Admiring the metal and wooden milking stools that grace her farmhouse in Stanford, Ill. (pop. 670), Jean Mehl, 83, explains her fascination with the practical and ingenious people who built them.
"Most of the stools are one-of-a-kind, made by farmers from whatever they had on hand," says Mehl, who began collecting the relics of rural America 38 years ago. "Farmers are the most resourceful people in the world."
Both Jean and her husband, Harry, 85, grew up on farms and began milking cows at age 6. In those days, nearly every farmer owned a cow or two to provide his family's milk and butter, and a milking stool was a necessity.
"I sat on a T-shaped stool that Dad hammered together," Jean recalls. "We lived through the Depression and wouldn't have thought of buying a stool."
Among her treasured collection of 175 milking stools, most of which are stored in the Mehl's 1890 barn, are the common one-legged styles with pedestals built from table legs, tree branches, wooden planks and porch pillars. Others have three or four legs, a few have handles or bowl-shaped seats for comfort, and some were built with sanitation in mind. One model has a top seat for the milker and a bottom shelf that slid under the cow and held the milk pail off the dirt floor.
"Now this is a real contraption," Jean says about a wooden seat, attached to a giant metal spring, with a leather belt that the milker strapped around his waist so his hands were free as he bounced from cow to cow. "You learned really fast how to balance yourself after you sat in manure," she adds.
Jean bought her first milking stool at a farm auction in 1972. She cleaned up the three-legged stool, painted it blue and used it for a plant stand in her house. Then Harry searched through their barn and found the primitive milking stool that he used as a young man, and a cousin gave Jean a 1920s metal stool made by Hohulin Fence Factory in nearby Goodfield, Ill. (pop. 686).
Fascinated with the various styles and the lowly stool's indispensable role in farming history, Jean and Harry began searching antique stores and second-hand shops for other milking stools. Jean wrote to libraries throughout the state seeking information about stool manufacturers, which sprang up in the 1920s.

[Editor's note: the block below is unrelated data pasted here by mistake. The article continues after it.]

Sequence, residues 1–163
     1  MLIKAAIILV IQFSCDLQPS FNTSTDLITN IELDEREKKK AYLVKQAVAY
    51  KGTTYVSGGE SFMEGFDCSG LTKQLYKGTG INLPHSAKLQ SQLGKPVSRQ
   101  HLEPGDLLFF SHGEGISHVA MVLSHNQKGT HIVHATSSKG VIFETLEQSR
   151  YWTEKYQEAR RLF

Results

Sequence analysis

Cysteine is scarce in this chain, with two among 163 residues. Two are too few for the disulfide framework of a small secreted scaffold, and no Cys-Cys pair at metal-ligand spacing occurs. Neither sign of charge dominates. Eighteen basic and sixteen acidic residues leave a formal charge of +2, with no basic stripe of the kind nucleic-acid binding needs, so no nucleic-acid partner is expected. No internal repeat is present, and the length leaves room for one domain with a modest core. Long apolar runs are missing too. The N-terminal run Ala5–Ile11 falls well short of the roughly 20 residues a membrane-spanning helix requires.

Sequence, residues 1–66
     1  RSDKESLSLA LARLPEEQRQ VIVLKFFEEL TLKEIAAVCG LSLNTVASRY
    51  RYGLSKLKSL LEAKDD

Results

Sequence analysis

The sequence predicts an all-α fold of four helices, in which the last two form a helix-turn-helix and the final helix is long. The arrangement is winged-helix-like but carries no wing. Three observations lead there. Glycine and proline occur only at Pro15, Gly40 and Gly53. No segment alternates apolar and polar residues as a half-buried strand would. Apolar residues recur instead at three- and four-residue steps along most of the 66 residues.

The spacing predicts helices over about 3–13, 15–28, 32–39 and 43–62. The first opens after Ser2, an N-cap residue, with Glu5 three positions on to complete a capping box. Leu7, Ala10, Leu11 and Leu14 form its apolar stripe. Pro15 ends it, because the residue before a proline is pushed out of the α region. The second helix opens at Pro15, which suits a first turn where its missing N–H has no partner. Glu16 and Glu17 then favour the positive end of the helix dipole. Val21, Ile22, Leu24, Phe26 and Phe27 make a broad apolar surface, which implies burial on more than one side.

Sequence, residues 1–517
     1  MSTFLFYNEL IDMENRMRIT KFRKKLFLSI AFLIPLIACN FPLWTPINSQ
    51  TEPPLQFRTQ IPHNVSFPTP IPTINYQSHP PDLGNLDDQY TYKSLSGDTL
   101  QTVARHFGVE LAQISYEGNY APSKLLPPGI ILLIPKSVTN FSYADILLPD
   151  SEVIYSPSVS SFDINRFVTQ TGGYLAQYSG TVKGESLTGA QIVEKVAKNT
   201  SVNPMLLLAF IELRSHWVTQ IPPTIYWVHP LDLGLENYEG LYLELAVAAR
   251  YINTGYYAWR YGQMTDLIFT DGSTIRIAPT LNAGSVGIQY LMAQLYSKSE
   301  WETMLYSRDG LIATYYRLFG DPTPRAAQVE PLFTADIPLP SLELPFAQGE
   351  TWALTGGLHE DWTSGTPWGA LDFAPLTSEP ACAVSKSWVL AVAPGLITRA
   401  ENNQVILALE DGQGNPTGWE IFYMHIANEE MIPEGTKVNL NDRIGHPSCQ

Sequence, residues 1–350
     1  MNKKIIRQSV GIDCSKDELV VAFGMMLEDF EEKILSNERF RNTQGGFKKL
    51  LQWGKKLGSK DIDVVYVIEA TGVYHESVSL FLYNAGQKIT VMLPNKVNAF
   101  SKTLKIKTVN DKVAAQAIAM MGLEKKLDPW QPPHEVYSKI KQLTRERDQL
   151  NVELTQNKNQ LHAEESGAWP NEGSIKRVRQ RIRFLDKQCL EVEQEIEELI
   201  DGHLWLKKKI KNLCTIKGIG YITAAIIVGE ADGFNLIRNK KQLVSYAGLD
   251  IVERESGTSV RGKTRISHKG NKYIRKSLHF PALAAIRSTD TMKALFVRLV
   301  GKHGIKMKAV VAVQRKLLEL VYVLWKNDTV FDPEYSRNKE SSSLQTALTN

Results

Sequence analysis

"Ice cream parlors were very popular during Prohibition, which caused the government to begin looking at cow barns and classifying Grade-A milk," Jean says. "If you cleaned up your barns and used metal milking stools, you received a premium [price] on milk."
Still, many farmers didn't splurge on factory metal stools, such as the Hohulin model, which sold for 63 cents in the 1929 Sears, Roebuck & Co. catalog. They rigged their own with tractor seats, milk can lids, and parts from corn planters, washing machines and Model T Fords.
"I'd guess it's one of the most unusual collections there is, "says Elmo Springer, 82, a former neighbor who gave the Mehls a metal stool that he built in the 1940s, using a tractors brake housing for the seat.
The Mehls' collection sparks fond memories for Springer, who recalls competing with his three brothers to make the best milking stool. "I made a three-legged stool with a drawer under the seat to hold candy," he says with a chuckle. "That one went by the wayside."
Such reminiscences delight Jean. When she and Harry were younger, they loaded up an assortment of milking stools and displayed them at agricultural fairs, retirement homes, classrooms and club meetings. Jean hopes to interest a museum in permanently housing her collection.
"As the years pass, it's getting hard to find people who remember using a milking stool," Jean says. "Milking a cow by hand is a lost art."
The antique stools aren't easy to find either, though Jean has a surefire method of identifying one. "I just dampen my finger and moisten the stool and see if it smells like a dairy barn," she says.